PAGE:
FGSDH Events Rose Hill Campus, 2pm-3pm
February 4: Debates in the Digital Humanities
February 25: Digital Pedagogy
March 25: Building and Maintaining an Online Profile
April 18: Wikipedia Edit-A-Thon
Topics in Digital Mapping Events
Lincoln Center Campus, 3-5pm Workshops, 2-3pm Meet&Greet
February 11: Thinking about Time with Maps: Timelines/Palladio
March 4: Georectifying/MapWarper
April 15: Intro to CartoDB
What do you do with a growing collection of international maps that contains over 433,000 sheet maps and 20,000 book atlases, some of which date back to the 15th century? As twelve graduate students and one post-doc from Fordham University recently learned, you digitize it, of course. At the New York Public Library’s Lionel Pincus and Princess Firyal Map Division, that effort has begun with some of its New York City and antiquarian maps. But more than just make high-resolution images of these maps, the library also developed “Map Warper,” a tool which allows anyone with a computer and an internet connection to digitally align (also known as “rectify”) these maps to match today’s precise maps, such as OpenStreetMap and GoogleEarth. The project joins “What’s On the Menu,” another fabulous crowdsourcing project at the library.
On a grey February day, this group from Fordham assembled at the library to learn how to use MapWarper and become what the library calls “Citizen Cartographers.” The patient and delightful Mishka Vance, a technical assistant at the library, used a digitized, early twentieth-century Bronx fire map to demonstrate how to trace buildings, add information (brick, wood, or stone? residence or business?) about them to the database, and rectify the old map with a contemporary one.
Participants then proceeded to trace and rectify maps of their own choosing from the library’s digitized collection. Among the maps rectified that day were an early postal map from the Midwest, an ancient map of Cyprus, and a 1916 survey of Morningside Heights.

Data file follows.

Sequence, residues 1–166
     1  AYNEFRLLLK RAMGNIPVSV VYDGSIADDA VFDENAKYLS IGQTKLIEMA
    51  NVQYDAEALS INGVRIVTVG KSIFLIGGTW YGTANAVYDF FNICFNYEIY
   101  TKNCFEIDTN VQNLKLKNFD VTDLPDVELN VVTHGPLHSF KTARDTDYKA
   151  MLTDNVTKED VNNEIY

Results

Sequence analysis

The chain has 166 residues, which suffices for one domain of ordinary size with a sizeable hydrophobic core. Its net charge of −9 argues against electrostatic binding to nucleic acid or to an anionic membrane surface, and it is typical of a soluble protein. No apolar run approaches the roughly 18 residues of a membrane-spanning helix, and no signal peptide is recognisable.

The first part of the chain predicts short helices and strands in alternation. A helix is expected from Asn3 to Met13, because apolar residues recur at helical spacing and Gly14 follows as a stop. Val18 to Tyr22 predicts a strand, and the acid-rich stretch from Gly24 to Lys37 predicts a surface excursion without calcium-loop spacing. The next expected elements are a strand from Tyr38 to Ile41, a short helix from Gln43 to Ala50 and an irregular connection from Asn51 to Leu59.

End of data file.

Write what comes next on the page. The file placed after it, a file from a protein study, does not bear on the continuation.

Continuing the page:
The people who attended this workshop hailed from several departments, including English, Classics, Theology, and Medieval Studies. They came for reasons that ranged from using Map Warper in their research, to using it in their teaching, to simply adding to their knowledge base of digital tools.
This spring, the Fordham Graduate Student Digital Humanities Group continues its efforts to make more opportunities like the Map Warper workshop available. Our next event will be a roundtable organized by Sarah Cornish and Jane Van Slembrouck called “Digital Traces.” It takes place on March 2 at the Graduate Student English Association’s Conference, “Remembering, Forgetting, Imagining: The Practices of Memory.” On March 6, HASTAC Scholar Patrick Burns leads a discussion of Stephen Ramsay’s Reading Machines. See the Events page for more details on these and other spring programs.
The events sponsored by the FGSDH Group are open to all members of the Fordham community, no matter their level of technological expertise. With limited formal opportunities on campus for humanities students to learn how to incorporate technology with their coursework, research, and teaching, this group aims to at least partially fill that gap by teaching each other and learning together.
Wednesday, February 6, 2:00-4:00PM.
New York Public Library, 42nd St and 5th Ave.
The New York Public Library has kindly agreed to offer a workshop to Fordham Graduate Students who wish to learn how to use the digital mapping tool, Map Warper. Space is limited and available on a first come, first served basis. The NYPL Map Warper is a tool for digitally aligning (“rectifying”) historical maps from the NYPL’s collections to match today’s precise maps. This workshop is for anyone interested in learning a new digital tool, particularly for people using maps in their research. Sign up by following the link below. http://www.doodle.com/9kt3hhz7gkw9zic7